1 cup peach jam
¼ cup minced onion
3 tablespoons minced pickled jalapeño plus 1 tablespoon pickling liquid from the jar
1 teaspoon Worcestershire sauce
½ teaspoon kosher salt or coarse sea salt
¼ teaspoon ground cumin

Generously grease the inside of the slow cooker with about 1 teaspoon of the butter.

Warm the rest of the butter in a large skillet over medium heat. Sauté the wings, in batches if needed, until they are nicely colored on all sides. Transfer the wings to the slow cooker as they are done. When all wings are browned, add the other ingredients to the slow cooker and give it all a stir. Cover and cook on the low heat setting for 4 to 4 ½ hours, or 2 to 2 ½ hours on high, until the wings are tender and gooey good.

Serve from the slow cooker on the warm setting for a casual event, or transfer to a plate and serve.

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Summer Peach and Brazos Berry Crisp

Summer Peach and Brazos Berry CrispUnsalted butter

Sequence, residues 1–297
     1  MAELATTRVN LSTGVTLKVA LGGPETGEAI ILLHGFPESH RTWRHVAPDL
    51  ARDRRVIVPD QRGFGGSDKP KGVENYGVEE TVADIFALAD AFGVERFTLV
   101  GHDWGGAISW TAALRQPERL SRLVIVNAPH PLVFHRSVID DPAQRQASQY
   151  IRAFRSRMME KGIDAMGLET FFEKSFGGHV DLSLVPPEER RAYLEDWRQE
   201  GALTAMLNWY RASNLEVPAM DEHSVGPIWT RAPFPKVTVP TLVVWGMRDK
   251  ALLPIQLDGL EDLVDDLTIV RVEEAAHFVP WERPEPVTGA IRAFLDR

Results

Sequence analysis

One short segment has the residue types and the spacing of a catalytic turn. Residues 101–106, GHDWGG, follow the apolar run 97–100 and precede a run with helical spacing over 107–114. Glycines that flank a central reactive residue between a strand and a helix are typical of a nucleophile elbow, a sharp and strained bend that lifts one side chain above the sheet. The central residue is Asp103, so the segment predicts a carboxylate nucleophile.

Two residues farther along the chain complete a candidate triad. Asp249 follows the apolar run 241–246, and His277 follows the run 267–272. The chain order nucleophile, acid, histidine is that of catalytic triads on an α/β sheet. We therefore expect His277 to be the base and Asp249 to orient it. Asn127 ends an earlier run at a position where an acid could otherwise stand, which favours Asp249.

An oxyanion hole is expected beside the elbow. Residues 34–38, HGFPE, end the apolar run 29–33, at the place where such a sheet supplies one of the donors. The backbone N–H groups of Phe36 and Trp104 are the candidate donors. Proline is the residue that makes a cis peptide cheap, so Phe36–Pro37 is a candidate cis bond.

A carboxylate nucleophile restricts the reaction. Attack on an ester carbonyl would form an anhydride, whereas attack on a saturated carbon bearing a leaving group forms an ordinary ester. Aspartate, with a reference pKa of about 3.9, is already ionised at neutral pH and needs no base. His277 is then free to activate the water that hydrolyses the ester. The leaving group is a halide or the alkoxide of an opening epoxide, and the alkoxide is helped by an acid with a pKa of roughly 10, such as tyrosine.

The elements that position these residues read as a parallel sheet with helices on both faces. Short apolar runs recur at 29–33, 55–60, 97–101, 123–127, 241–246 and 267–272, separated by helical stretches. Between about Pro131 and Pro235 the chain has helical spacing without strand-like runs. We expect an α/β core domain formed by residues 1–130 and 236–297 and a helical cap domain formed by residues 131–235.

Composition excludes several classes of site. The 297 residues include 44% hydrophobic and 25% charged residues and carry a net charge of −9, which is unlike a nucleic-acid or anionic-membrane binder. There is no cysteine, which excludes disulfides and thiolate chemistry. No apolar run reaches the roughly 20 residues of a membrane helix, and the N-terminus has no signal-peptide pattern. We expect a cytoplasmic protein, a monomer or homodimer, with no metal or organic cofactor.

2 pounds ripe juicy peaches, peeled, pitted and sliced thickly, or unthawed frozen peaches
1 pint fresh raspberries, blackberries, dewberries, blueberries, or stemmed small strawberries
2 tablespoons granulated sugar

1 cup oats (the “old-fashioned” variety)
1 cup chopped pecans
1 cup packed brown sugar, preferably dark brown
1 cup unbleached all-purpose flour
1 teaspoon ground cinnamon, plus more for the top
Pinch of salt
½ cup (1 stick) plus 2 tablespoons unsalted butter

Generously grease the inside of the slow cooker with butter.

Dump the peaches, berries, and sugar in the slow cooker, and give a light stir.

Prepare the topping. Combine the oats, pecans, brown sugar, flour, cinnamon, and salt in a food processor until you have a coarse meal. Add the butter and pulse a few times until the mixture becomes evenly crumbly. Add the mixture to the slow cooker. Cover and cook on the low heat setting for 3 ½ to 4 hours.

Scoop out and serve warm. Leftovers are good at room temperature or reheated.